"Henry Ford is often quoted as saying, “History is bunk.” That’s not quite accurate. What he actually told the Chicago Tribune in 1916 is this: “I wouldn’t give a nickel for all the history in the world. It means nothing to me. History is more or less bunk. It’s tradition. We don’t want tradition. We want to live in the present, and the only history that’s worth a tinker’s damn is the history we make today.”

It’s hard to imagine a better statement of the American spirit, or at least a certain strain in our national character. The Founders clearly understood the value of the past. Most were Christians. Nearly all were religious believers. They revered the memory of Roman law, architecture, and republican process. But they also very consciously intended to create a novus ordo seclorum—a “new order of the ages.”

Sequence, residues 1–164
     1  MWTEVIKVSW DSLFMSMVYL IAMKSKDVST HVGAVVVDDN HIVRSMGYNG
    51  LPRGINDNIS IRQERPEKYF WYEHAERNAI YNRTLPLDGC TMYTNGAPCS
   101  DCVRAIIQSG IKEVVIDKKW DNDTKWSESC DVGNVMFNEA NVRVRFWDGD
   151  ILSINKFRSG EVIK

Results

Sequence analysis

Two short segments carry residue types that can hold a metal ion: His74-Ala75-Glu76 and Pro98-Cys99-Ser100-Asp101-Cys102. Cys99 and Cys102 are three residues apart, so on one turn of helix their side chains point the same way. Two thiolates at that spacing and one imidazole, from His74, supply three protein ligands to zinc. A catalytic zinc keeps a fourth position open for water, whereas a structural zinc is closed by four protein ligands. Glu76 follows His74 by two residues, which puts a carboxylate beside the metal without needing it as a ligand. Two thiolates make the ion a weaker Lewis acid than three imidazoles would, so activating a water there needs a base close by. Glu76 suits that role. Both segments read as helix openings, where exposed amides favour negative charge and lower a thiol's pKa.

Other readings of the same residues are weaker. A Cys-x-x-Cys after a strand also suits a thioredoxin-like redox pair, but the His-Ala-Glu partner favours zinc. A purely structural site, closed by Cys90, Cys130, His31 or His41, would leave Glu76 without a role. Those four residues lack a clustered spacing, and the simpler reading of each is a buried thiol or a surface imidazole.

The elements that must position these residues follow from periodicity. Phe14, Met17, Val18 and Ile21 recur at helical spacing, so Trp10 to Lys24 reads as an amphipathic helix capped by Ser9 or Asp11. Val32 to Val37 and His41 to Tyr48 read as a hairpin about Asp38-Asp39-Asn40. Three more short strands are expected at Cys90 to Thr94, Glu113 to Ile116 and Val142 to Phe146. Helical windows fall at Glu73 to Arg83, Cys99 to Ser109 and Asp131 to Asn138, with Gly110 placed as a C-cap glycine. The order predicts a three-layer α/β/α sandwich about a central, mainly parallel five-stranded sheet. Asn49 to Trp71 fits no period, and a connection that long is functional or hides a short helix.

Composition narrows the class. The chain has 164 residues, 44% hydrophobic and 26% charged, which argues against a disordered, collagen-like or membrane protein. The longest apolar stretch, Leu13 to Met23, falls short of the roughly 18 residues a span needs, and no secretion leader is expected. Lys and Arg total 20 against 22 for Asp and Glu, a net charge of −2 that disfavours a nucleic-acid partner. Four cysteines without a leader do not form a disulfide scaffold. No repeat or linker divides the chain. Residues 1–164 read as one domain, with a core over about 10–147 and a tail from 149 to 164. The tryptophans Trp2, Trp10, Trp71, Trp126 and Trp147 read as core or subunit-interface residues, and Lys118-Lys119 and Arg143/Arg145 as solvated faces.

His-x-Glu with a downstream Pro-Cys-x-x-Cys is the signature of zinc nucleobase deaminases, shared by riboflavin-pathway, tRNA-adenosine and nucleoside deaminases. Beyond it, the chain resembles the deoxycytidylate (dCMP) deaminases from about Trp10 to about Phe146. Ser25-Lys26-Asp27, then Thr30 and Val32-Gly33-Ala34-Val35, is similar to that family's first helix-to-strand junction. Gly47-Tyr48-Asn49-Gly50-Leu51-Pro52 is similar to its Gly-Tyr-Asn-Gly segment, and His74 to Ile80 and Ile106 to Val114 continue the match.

And they succeeded. Tocqueville describes the difference between democracy and all the forms of political and social life that came before it as a gulf between “two distinct humanities.” Democratic man is very different from his ancestors—or so we’re led to believe. So it’s no surprise that Americans tend to be poor students of history. We enjoy nostalgia because it’s a kind of entertainment. But the real events of the real past come with annoying baggage. We can’t reinvent ourselves in the present if we’re dragging around a history of inconvenient duties and facts. The good news is that this is part of our genius. We innovate because we’re not crushed by the weight of our memories. The bad news is that it leads to forgetting things we need to remember. And amnesia is dangerous both for individuals and for nations."

Read more: via The Great Charter at 800 | Charles J. Chaput | First Things.